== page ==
OPINION: Proms U-turn shows Britain really knows how to start a rumpus

The row over whether lyrics would be sung to two songs at The Last Night of the Proms at The Royal A

The row over whether lyrics would be sung to two songs at The Last Night of the Proms at The Royal Albert Hall shows Britain knows how to ruffle feathers, says Rachel Moore - Credit: Getty Images/iStockphoto

The fiasco over songs sung at The Last Night of the Proms has been a celebration of what Britain does best, says Rachel Moore

One of my early memories was an uneasy feeling watching men in striped blazers and bow ties crushed together frenetically waving union flags belting out “Britons never never never shall be slaves to 1970s TV cameras.

Even then, on our black and white TV, the ‘promenaders’ at The Last Night of the Proms felt out of kilter with the world I was growing up in.

Britain in 1973 didn’t fill nine-year-old me with nationalistic glee and pride or a burning desire to celebrate us ruling the waves.

Filing the crowd under E for eccentric and P for posh, the annual spectacle in the Royal Albert Hall has always left me distinctly uncomfortable.

Jingoistic, anachronistic, wild-eyed and frenzied, the lyrics of the anthem jarred as much as the gusto and passion they were sung with.

The white-middle class profile of the singalongers underlined that unease. Even as a child it felt inappropriate, even though I couldn’t understand why.

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Covid threw up an opportunity to quietly tweak a century-old custom of glorying in a perceived British greatness. This year, because of restrictions on singing, Rule, Britannia! and Land of Hope and Glory would be instrumental versions rather than rousing choruses.

A chance to change and leave the lyrics, which cause discomfort because of their association with colonialism and slavery in the history books, not revelled in at 140 decibels.

But, instead of quiet change – in line with government guidelines to stop the spread of Covid-19 Britain did what Britain really does best – ignited a right old rumpus. If we were the top of any medal chart, it would be for causing an almighty row in an empty room.

As soon as it was revealed the BBC was going instrumental-only, it was accused of ‘taking the knee’ for Black Lives Matter, pandering to the woke and trampling over centuries of Great Britain’s proud tradition in the name of political correctness. A “politically motivated” decision.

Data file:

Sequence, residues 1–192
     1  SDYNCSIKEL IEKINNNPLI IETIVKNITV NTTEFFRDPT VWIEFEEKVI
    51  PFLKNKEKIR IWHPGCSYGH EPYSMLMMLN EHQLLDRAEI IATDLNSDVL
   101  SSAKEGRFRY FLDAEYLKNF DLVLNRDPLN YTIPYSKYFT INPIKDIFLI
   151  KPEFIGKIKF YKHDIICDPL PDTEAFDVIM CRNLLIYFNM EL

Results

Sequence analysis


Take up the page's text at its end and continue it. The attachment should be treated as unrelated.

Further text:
Change isn’t something Britons handle well. Preserving in aspic, however, doesn’t make for a progressive nation. The views are driven by the men who insist on ‘Esq’ on their letters, don bowler hats and insist tradition, etiquette and Britishness upheld at all costs, viewing any change as destructive.

Degenerating rapidly into a right versus left row, a Number 10 spokesperson indicated that PM Johnson would be unhappy about changes to the Proms. He acknowledged “strong emotions” about the line “Britons never shall be slaves”, “we need to tackle the substance of problems, not the symbols”.

Culture secretary Oliver Dowden said “Rule, Britannia! and Land of Hope and Glory are highlights of the Last Night of the Proms. Confident forward-looking nations don’t erase their history, they add to it.”

The right, who take responsibility for keeping everything as it was, started a row that wasn’t there, condemning the woke and the BBC’s “Black Lives Matter Proms’”.

Nigel Farage accused Proms conductor Dalia Stasevska of being “too woke.” “Why not drop her instead?”, he said. Stasevska insisted she had nothing to do with the decision. Oh, and her Finnish nationality was mentioned too by Farage.

So the war of – and about – words raged until yesterday, when the BBC’s new director-general Tim Davie, after hours in the job, threw an incendiary device into the matter with a U-turn and declared a “select group of BBC singers” would now sing the words.

Well, if a big enough row hadn’t already erupted about appropriateness, it will now.

What I wonder is who wants to hear those words when we know the offence they cause by appearing to revel in the colonial overtones, imperialism and celebrate Britain’s role in the slave trade.

They are so out of tune with UK 2020.

The BBC’s U-turn, came on the same day as the Daily Telegraph ran a headline ‘BBC’s new boss threatens to axe left wing comedy shows’ in his mission to raise “trust and confidence” in the BBC.

Exactly how inciting an even greater rumpus about words that clearly cause offence will engender trust and confidence remains to be seen as the Last Night of the Proms plays out on September 12. I fear it won’t end well.

It is clearly nailing its colours to the mast to continue the left versus right attitudes of yesteryear

The BBC said it was “doing everything possible to make it special and want a Last Night truly to remember.”

It can say that again. I’m not sure how the traditional brigade will feel about it making its own news story though.

Shop local: An upside of the last six months is the rise of shop local.

Working from home has meant dropping the nightmare that is supermarket shopping for popping into local shops.

A friend revels in her new simple pleasures. Every morning, before her first Microsoft Teams call at 8.30am, she walks into her village centre to the butcher, bakery and small supermarket for her daily provisions. All doing a roaring trade.

She’s getting her steps in, supporting local businesses, not switching on car engine and avoiding risk of infection.

As home working becomes a new normal, it signals the rise of local communities, more rural flourishing businesses and less CO2 emissions. It’s not all bad.